Scotland

Family breakdown link to youth homelessness

Unidentified girl on bench Image copyright Thinkstock
Image caption Almost 5,000 young people became homeless in 2014 due to relationship breakdowns, Scottish government figures show.

Too many children in Scotland are becoming homeless because of arguments at home, a charity has claimed.

The Edinburgh Cyrenians said more needs to be done to tackle "ingrained attitudes" towards conflict.

The family mediation charity is holding a conference in Edinburgh later to discuss the issue.

The latest Scottish government figures show almost 5,000 young people became homeless in 2014 due to relationships breaking down.

The Scottish Centre for Conflict Resolution (SCCR), run by Edinburgh Cyrenians and funded by the Scottish government, was set up last year to provide families with support and advice on how to solve conflicts.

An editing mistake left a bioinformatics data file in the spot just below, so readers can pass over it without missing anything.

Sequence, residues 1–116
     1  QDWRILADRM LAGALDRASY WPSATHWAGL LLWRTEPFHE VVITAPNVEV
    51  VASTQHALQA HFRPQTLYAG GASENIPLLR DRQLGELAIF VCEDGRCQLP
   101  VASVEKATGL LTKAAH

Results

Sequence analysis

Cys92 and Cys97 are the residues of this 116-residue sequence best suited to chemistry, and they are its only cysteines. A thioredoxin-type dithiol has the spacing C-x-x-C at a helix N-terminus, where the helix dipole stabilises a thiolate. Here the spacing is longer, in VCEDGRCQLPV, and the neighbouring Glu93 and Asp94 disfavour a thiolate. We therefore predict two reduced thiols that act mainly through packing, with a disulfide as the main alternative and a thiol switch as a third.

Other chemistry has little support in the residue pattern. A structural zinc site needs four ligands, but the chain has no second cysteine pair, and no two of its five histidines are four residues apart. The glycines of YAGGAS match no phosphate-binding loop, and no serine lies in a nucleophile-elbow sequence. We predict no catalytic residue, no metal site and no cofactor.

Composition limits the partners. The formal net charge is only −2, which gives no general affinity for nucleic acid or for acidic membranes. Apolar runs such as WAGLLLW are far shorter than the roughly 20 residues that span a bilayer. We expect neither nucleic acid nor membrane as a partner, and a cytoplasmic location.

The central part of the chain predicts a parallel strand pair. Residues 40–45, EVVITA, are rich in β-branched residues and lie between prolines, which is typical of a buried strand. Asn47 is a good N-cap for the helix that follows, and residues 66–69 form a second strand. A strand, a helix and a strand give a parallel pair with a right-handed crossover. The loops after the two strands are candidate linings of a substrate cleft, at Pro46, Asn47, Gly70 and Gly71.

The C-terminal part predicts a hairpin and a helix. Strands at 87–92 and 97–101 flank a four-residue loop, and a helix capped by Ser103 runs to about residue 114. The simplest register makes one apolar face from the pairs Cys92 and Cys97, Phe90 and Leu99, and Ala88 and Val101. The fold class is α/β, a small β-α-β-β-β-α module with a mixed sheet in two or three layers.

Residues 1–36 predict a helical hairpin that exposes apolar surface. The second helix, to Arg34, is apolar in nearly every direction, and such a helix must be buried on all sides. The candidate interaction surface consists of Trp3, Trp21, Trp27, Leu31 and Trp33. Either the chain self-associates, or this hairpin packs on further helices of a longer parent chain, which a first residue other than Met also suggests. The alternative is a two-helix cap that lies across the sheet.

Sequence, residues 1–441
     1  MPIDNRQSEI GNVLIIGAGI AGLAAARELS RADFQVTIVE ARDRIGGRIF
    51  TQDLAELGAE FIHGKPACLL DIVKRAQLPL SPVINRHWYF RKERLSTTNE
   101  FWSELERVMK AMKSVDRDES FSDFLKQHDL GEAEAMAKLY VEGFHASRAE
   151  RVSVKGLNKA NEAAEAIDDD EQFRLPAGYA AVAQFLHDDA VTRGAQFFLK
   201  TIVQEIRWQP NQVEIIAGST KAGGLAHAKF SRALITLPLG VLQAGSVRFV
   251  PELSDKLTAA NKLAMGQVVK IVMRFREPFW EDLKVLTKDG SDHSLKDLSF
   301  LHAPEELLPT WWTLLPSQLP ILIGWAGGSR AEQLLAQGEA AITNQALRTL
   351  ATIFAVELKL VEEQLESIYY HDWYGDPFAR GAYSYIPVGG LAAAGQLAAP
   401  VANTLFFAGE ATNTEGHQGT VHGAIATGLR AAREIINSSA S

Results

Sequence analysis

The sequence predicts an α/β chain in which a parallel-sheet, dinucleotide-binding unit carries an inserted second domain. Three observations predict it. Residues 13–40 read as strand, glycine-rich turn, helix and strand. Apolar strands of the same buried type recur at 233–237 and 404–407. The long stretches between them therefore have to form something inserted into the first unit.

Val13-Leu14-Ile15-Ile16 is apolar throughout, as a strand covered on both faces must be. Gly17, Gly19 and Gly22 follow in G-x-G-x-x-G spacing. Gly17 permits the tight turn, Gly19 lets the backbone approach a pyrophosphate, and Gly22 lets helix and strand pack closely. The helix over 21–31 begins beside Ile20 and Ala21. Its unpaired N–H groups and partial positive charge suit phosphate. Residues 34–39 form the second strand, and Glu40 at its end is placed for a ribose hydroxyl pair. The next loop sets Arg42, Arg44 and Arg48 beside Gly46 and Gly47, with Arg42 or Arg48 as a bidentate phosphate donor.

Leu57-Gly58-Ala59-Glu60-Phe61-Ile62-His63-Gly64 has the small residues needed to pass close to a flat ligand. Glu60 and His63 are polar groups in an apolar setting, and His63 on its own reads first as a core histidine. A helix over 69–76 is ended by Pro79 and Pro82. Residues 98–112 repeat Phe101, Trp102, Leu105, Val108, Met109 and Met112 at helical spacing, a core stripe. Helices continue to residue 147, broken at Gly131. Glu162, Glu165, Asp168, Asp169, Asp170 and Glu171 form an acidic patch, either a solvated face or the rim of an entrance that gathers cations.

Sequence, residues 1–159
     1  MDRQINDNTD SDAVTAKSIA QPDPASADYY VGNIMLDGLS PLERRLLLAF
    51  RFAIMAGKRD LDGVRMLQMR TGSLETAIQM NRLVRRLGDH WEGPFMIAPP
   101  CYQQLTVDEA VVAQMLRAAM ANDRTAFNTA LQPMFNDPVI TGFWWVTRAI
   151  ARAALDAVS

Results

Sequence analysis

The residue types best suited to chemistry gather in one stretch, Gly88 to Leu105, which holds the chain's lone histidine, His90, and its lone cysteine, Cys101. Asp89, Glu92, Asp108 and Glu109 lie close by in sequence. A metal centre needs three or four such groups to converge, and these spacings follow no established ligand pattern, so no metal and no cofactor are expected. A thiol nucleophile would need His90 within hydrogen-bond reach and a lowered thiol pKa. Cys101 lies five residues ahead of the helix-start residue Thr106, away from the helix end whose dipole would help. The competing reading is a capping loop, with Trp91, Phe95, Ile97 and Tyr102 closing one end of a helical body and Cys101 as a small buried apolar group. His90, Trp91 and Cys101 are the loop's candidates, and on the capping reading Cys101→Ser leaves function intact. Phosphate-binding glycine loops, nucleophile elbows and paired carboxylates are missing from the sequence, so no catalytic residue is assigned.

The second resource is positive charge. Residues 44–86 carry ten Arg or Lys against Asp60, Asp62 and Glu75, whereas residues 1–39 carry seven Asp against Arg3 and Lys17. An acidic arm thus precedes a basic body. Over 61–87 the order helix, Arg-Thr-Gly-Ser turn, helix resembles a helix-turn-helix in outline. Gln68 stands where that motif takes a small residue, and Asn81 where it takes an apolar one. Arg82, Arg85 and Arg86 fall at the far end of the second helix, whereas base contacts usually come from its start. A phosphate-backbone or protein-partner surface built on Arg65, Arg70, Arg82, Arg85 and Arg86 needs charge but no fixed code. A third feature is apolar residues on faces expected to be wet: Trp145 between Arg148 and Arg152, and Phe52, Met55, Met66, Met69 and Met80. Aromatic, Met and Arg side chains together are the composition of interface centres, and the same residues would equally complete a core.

They have invited experts from the fields of healthcare, law and politics to the conference.

It is hoped it will act as a "springboard to safeguard the life chances of Scotland's youngsters."

Family breakdown

Ewan Aitken, Edinburgh Cyrenian CEO, said a survey by the charity in 2013 found one in four young people think about running away from home each month because of arguments and a third of parents argue with their teenagers every week.

He said: "We cannot wait one minute longer to address the pervasive problem of conflict in Scottish society.

"Every year thousands of young people become homeless, their life chances left in tatters, because of family breakdown, while many other parents and young people struggle behind closed doors."

The conference comes as the Faculty of Advocates announced its backing for the SCCR.

James Wolffe QC, Dean of the Faculty of Advocates, said he was glad to lend his support.

He said: "Mediation and other methods of alternative dispute resolution have increasing importance in our justice system - and, more broadly in seeking to address conflict in our society - and I look forward to the Faculty playing its part in these developments."

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